This afternoon students are learning to eyeball a forest. Even subtle changes in tree density or sunlight teach a lesson. “They can look at individual trees,” Bridgen says, “so then they can evaluate things like standing mortality, the health and vigor of individual trees, the size of the trees. The students are learning to make sound management decisions when they’re out on a job.”
Groups of three split off over snowy ridges to figure how much timber is growing on small plots. Rob Cole, a lanky twenty-year-old from Binghamton, huddles with his partners and surveys the parcel. “It’s got a lot of dieback, a lot of snags in the tops of the trees. There’s a big space right there. So I’m gonna say all the dieback is because it was overstocked.” The other two nod in agreement. Then they measure the diameter of each tree, calling out figures. Cole jots the numbers on a clipboard. The trio regroups and compares the results to their estimate.
Bridgen clomps over and grills them. “Your guesstimate was overstocked, but now you’re saying understocked.”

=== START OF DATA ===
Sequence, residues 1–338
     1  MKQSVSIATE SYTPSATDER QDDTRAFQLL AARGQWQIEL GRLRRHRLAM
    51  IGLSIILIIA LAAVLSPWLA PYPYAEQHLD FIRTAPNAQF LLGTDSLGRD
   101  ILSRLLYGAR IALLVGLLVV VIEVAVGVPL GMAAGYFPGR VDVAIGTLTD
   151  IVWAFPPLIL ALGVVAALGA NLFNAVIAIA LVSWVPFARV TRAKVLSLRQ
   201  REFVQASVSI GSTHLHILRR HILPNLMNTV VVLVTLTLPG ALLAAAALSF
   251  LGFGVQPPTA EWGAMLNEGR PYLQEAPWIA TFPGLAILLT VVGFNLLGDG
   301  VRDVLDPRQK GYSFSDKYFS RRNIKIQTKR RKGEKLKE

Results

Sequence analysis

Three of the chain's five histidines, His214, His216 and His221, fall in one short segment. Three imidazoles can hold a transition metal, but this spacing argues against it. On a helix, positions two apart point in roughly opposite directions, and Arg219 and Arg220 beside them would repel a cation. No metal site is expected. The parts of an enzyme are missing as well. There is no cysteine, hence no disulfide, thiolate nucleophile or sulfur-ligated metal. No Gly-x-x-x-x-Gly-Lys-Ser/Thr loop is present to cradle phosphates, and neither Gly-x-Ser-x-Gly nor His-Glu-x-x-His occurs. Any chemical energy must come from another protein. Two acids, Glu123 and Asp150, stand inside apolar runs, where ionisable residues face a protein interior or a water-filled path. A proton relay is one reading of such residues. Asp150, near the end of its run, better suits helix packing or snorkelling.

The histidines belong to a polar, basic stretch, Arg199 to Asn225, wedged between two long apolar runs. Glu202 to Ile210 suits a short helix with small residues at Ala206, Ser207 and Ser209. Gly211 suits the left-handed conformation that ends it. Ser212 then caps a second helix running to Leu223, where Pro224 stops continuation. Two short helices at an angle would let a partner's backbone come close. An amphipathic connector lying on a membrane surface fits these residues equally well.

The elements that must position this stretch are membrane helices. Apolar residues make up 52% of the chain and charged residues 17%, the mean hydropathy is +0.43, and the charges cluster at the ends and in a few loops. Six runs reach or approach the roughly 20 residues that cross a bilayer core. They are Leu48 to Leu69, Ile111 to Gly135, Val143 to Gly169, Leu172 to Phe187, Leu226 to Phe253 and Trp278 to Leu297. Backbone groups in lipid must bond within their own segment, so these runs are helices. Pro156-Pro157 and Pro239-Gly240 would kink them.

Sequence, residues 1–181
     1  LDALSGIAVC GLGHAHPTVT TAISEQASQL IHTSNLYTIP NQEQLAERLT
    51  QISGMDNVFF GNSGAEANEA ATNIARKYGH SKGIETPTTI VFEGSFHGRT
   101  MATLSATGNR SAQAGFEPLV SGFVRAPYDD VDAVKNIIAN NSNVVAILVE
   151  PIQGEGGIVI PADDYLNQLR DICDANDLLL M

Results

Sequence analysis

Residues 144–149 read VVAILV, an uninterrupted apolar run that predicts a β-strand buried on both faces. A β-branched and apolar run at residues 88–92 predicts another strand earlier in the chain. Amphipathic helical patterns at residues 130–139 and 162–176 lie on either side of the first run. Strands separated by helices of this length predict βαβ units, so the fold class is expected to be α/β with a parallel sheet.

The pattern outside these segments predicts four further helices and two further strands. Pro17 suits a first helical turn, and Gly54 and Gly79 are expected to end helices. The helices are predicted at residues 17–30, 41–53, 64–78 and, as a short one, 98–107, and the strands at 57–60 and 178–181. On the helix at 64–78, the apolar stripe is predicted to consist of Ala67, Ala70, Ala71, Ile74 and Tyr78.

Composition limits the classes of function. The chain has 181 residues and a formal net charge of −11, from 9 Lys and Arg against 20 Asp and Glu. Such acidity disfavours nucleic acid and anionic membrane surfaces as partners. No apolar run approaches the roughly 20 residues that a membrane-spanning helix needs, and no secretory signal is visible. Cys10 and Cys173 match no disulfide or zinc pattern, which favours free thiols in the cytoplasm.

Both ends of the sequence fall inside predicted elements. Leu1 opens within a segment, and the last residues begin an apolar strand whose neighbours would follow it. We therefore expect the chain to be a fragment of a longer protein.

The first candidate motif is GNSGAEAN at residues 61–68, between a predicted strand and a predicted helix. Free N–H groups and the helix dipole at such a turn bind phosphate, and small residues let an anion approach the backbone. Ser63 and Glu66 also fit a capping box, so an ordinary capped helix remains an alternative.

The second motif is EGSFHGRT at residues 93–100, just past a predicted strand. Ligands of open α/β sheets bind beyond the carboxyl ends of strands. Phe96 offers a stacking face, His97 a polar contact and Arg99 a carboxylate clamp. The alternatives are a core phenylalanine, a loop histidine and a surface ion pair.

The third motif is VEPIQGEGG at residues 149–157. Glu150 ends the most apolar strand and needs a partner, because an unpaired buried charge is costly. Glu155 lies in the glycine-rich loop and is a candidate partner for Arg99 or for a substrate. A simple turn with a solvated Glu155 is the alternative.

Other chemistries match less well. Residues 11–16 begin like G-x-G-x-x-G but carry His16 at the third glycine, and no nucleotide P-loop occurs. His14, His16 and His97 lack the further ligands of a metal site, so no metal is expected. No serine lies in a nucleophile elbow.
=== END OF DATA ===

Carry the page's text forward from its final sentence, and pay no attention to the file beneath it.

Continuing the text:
“Yeah, because of all the dead timber,” answers Cole, hesitating.
“Right. You gotta take that into account,” Bridgen agrees.
Cole relaxes. This guesswork is a forest technician’s best tool, he says. “If you come up here and do this and it’s poorly stocked, you’re not going to send in the loggers to cut it down, ’cause it wouldn’t be worth their time and you wouldn’t make any money off of it.”
This real-world approach marks the Ranger School’s reputation in the industry, says Douglas Staiger, of Haywood Community College in North Carolina. He chairs a committee that certifies twenty-five two-year forest-technology programs in eighteen states and three Canadian provinces for the Society of American Foresters. Staiger cites the school’s experimental forest as a major asset. “It’s right on their doorstep,” he says, “and it’s been used so long just for education that the stands have been developed specifically as a teaching forest.”